Everything was going swimmingly for Florida a year ago in Knoxville. Florida held a 21-3 halftime lead, and the second half began with Jalen Tabor picking off Josh Dobbs. The Gators seemed very much on pace for win number 12 in a row; Austin Appleby had thrown for over 200 yards in the first half, and the Gators’ offense seemed more in sync than it had in its previous three games with Luke Del Rio.
We all know how that game finished up, of course. Florida’s offense and defense fell apart at the same time, the Vols scored five unanswered touchdowns and Tennessee won their first in the series since 2004 and their seventh in the series since 1971. Frankly, it sucked to experience that loss from a fan’s perspective, but the first half of that game proved something strangely exciting: Bob Shoop’s defense was woefully unprepared to deal with Austin Appleby. Only because Florida offensive coordinator Doug Nussmeier curled up into a conservative ball and tried to bleed out the game’s final 30 minutes did Tennessee’s 38 straight points not get replied to with Florida scoring a similar number of second half points and winning an ultra high scoring game, a la the 62-37 game in 1995.
There are two pieces of good news for Florida’s offense this time around. The first of these is that even without Antonio Callaway and Jordan Scarlett, the Gators’ offense is still better from a personnel standpoint than it was a year ago (just to a lesser extent than it would be with those two).
Even at this young stage in his career, Feleipe Franks has to be considered an upgrade from Appleby. He’s got a stronger and more precise arm, and is no worse than Appleby in terms of going through his progressions and making reads. Beyond him, Florida has one of the best backup running backs in the country in LaMical Perine, and a strong receiving corps featuring tight ends DeAndre Goolsby and C’yontai Lewis, sophomore wideouts Tyrie Cleveland, Freddie Swain, Joshua Hammond and promising freshman James Robinson. To round out the offense, Florida’s offensive line took a beating in its opener, but should be much better against a weaker Tennessee defense than the Michigan defense it opened the season against… which brings us to piece of good news number two.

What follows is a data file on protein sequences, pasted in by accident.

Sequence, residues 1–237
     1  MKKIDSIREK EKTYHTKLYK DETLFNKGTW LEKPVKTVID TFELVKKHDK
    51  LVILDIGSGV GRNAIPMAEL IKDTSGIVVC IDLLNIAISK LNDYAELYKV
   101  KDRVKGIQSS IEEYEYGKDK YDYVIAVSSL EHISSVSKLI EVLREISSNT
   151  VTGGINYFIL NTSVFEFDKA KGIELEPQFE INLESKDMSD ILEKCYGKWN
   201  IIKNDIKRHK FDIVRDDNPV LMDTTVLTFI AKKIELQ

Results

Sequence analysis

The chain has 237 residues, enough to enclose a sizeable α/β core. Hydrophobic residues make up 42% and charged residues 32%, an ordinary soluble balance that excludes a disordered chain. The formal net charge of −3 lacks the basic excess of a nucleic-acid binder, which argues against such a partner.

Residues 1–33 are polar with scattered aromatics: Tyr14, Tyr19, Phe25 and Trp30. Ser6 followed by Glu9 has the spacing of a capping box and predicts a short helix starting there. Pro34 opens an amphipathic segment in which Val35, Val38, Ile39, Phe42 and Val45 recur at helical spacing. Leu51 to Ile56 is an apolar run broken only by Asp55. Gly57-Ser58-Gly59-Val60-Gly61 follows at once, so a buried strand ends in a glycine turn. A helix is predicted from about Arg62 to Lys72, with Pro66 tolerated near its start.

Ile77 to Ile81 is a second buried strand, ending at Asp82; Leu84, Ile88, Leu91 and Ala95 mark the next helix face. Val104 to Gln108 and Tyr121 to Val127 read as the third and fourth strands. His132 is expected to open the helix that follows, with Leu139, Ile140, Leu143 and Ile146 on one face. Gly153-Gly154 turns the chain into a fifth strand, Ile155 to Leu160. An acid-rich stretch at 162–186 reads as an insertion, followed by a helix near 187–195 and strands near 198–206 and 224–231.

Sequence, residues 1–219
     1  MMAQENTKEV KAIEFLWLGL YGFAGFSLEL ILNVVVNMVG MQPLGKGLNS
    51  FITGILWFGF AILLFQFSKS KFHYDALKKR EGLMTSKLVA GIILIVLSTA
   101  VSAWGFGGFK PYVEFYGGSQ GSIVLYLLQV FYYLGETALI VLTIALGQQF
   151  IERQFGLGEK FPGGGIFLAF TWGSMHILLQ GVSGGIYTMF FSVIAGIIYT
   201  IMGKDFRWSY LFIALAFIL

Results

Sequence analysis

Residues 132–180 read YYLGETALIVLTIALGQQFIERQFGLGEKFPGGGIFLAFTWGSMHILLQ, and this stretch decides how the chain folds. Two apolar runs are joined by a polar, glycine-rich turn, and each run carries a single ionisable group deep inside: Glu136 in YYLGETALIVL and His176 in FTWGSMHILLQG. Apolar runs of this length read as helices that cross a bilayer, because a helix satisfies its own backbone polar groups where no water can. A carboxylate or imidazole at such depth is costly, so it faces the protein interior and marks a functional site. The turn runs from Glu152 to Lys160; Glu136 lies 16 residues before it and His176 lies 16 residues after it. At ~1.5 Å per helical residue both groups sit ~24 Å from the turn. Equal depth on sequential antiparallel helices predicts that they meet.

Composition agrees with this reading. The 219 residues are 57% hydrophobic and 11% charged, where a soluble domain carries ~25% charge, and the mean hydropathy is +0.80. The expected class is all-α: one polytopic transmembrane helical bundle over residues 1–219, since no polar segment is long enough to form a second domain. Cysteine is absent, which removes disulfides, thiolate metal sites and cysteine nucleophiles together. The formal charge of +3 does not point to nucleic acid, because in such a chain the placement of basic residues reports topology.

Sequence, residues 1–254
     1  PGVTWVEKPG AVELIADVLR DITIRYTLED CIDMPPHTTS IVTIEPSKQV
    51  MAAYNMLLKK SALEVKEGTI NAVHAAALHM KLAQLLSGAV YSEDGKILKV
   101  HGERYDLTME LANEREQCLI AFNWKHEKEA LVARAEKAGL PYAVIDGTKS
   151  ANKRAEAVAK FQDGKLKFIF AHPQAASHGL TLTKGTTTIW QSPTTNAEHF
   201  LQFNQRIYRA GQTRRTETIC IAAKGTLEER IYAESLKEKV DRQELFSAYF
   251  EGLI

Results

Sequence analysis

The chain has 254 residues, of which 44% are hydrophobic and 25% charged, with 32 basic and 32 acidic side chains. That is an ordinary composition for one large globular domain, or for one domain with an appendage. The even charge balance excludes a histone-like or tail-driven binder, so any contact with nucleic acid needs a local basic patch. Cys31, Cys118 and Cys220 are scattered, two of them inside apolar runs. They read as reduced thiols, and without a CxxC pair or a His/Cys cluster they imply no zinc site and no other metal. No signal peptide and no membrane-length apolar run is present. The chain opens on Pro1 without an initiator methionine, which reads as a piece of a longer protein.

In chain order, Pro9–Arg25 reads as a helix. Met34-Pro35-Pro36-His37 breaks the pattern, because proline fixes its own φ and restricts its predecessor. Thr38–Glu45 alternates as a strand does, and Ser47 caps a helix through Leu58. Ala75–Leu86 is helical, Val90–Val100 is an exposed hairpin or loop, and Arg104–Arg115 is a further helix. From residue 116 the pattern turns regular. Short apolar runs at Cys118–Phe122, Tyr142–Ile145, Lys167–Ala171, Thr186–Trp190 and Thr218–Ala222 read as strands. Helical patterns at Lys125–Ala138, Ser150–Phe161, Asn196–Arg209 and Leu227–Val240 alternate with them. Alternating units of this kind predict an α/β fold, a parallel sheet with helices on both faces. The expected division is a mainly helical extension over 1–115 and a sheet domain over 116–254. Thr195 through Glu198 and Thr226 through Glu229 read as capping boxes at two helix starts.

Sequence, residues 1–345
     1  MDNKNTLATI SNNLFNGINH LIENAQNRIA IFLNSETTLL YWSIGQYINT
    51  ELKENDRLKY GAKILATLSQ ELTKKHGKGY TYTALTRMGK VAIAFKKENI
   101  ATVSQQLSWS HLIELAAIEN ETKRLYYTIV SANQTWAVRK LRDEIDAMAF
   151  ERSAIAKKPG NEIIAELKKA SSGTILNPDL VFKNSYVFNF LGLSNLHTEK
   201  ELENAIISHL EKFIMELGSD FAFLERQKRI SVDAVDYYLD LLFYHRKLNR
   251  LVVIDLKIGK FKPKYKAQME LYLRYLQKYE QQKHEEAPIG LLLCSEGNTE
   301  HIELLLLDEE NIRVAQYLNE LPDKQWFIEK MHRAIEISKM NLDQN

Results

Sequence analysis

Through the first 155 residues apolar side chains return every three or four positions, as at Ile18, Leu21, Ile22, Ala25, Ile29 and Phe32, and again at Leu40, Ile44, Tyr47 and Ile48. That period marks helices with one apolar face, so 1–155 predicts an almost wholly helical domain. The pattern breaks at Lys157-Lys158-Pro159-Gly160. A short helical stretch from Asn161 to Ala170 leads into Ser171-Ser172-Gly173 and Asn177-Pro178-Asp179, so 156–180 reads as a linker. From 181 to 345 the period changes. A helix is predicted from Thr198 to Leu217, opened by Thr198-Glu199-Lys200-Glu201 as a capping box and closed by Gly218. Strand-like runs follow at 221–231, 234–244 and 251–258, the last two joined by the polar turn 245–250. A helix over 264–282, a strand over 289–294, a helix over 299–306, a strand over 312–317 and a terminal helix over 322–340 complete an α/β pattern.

Tennessee’s defense is a sieve. Despite having eight months to prepare for Georgia Tech’s triple option offense, the Vols’ defense allowed a mind-blowing 655 yards to the Yellow Jackets- nearly 200 more than GT averaged a year ago. The losses of Derek Barnett, Jalen Reeves-Maybin and Cam Sutton are obvious at this point, and the Vols clearly didn’t have the personnel to adequately replace them against the Jackets. Of course, most teams improve as the season goes along, as Florida’s offensive line hopefully will, but it’s hard for me to believe that just two weeks of preparation and a simulated game against FCS foe Indiana State could serve as the catalysts for enough of this improvement by Tennessee’s defense in order to slow down an SEC offense.
The bad news, of course, is that offensive coordinator Doug Nussmeier may or may not know what he’s doing and thus whether Florida can take advantage of this advantage remains to be seen. Nuss has done some really good things at Florida, but he’s also stacked a lot of garbage on top of it- and the effects of his stewardship have been felt far more in the latter category. Most relevant for this weekend, he called an excellent first half against the Vols last year, complete with well timed sucker screens, jet sweeps and deep balls. He followed that up with a second half game plan that included exactly three plays, none of which were particularly effective, and predictably, his offense got shut down.
And the last game Nuss called did nothing to assuage my fears of a repeat performance of that second half last year in Knoxville. He was completely and thoroughly out coached by Michigan defensive coordinator Don Brown to the tune of 192 total yards, with only a couple of sporadic deep balls from Feleipe Franks helping him get that many. I know Nuss is a good man who has a way with recruits, such as Jake Allen and Matt Corral, and previous years have indicated he can be quite innovative as a play-caller. So, and this question more than deserves the bold font it’s going to get: why can’t he display that creativity on a more consistent basis?
If Nussmeier calls plays less predictably than he did against Michigan, Florida should win tomorrow. The Gators do not run the triple option like Georgia Tech, but they do have the potential to have a strong passing game this season, and Tennessee is as good as any team to start against. The Vols’ secondary has yet to be really tested yet against the run-heavy Jackets and Indiana State, so they could be in for a surprise when the real game speed of Florida’s wide receivers hits them, something their scout team cannot simulate.
So please, Nuss. Be creative. Be innovative. Utilize Florida’s strengths. If the offensive line cannot hold up for some reason, don’t run the ball up the middle. Put Franks in the shotgun, call quick flare and screen passes or jet sweeps, or just have him roll out. Warm Franks up with a couple of nice, easy throws to get his confidence going, and mix in some deep shots. Pressure their young secondary. I know Nuss knows all of this in principle- he wouldn’t be a Division I offensive coordinator if he didn’t- but his failure to show that he knows all this by actually doing it for more than one drive a game leads me to believe there’s a good chance he won’t exhibit knowledge of it tomorrow.
The Gators need you tomorrow, Nuss. I sign off today knowing that you’re fully capable of calling the kind of game plan we need you to call in order to beat the Vols, but not sure whether you will or not. All I can say is that I hope you do.